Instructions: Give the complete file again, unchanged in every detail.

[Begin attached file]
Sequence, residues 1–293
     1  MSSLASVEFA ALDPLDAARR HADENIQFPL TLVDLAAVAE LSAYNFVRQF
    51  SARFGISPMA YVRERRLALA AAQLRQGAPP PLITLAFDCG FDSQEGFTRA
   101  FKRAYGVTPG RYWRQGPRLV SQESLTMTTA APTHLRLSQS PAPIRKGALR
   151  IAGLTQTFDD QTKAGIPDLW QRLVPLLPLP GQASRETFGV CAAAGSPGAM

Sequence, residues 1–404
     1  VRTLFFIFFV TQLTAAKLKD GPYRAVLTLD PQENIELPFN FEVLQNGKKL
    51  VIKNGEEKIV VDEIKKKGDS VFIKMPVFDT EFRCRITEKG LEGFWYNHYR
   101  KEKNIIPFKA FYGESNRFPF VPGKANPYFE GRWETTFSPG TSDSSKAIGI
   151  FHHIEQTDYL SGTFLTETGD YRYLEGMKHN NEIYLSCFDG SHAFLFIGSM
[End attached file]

Sequence, residues 1–293
     1  MSSLASVEFA ALDPLDAARR HADENIQFPL TLVDLAAVAE LSAYNFVRQF
    51  SARFGISPMA YVRERRLALA AAQLRQGAPP PLITLAFDCG FDSQEGFTRA
   101  FKRAYGVTPG RYWRQGPRLV SQESLTMTTA APTHLRLSQS PAPIRKGALR
   151  IAGLTQTFDD QTKAGIPDLW QRLVPLLPLP GQASRETFGV CAAAGSPGAM

Sequence, residues 1–404
     1  VRTLFFIFFV TQLTAAKLKD GPYRAVLTLD PQENIELPFN FEVLQNGKKL
    51  VIKNGEEKIV VDEIKKKGDS VFIKMPVFDT EFRCRITEKG LEGFWYNHYR
   101  KEKNIIPFKA FYGESNRFPF VPGKANPYFE GRWETTFSPG TSDSSKAIGI
   151  FHHIEQTDYL SGTFLTETGD YRYLEGMKHN NEIYLSCFDG SHAFLFIGSM